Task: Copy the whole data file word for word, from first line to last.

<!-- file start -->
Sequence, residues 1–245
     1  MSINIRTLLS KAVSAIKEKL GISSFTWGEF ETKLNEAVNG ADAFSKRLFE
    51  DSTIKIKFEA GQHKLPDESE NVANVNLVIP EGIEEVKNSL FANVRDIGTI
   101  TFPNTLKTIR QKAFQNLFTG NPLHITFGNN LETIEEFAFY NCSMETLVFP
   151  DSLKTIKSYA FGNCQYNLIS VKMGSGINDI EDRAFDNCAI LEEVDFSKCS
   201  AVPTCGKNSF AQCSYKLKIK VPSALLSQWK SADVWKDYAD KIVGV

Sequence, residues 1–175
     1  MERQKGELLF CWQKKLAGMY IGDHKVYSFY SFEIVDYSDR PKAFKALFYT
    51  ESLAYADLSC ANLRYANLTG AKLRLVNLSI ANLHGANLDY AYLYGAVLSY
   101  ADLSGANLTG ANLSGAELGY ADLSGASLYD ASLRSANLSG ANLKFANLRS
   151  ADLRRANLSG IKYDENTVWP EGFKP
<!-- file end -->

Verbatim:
Sequence, residues 1–245
     1  MSINIRTLLS KAVSAIKEKL GISSFTWGEF ETKLNEAVNG ADAFSKRLFE
    51  DSTIKIKFEA GQHKLPDESE NVANVNLVIP EGIEEVKNSL FANVRDIGTI
   101  TFPNTLKTIR QKAFQNLFTG NPLHITFGNN LETIEEFAFY NCSMETLVFP
   151  DSLKTIKSYA FGNCQYNLIS VKMGSGINDI EDRAFDNCAI LEEVDFSKCS
   201  AVPTCGKNSF AQCSYKLKIK VPSALLSQWK SADVWKDYAD KIVGV

Sequence, residues 1–175
     1  MERQKGELLF CWQKKLAGMY IGDHKVYSFY SFEIVDYSDR PKAFKALFYT
    51  ESLAYADLSC ANLRYANLTG AKLRLVNLSI ANLHGANLDY AYLYGAVLSY
   101  ADLSGANLTG ANLSGAELGY ADLSGASLYD ASLRSANLSG ANLKFANLRS
   151  ADLRRANLSG IKYDENTVWP EGFKP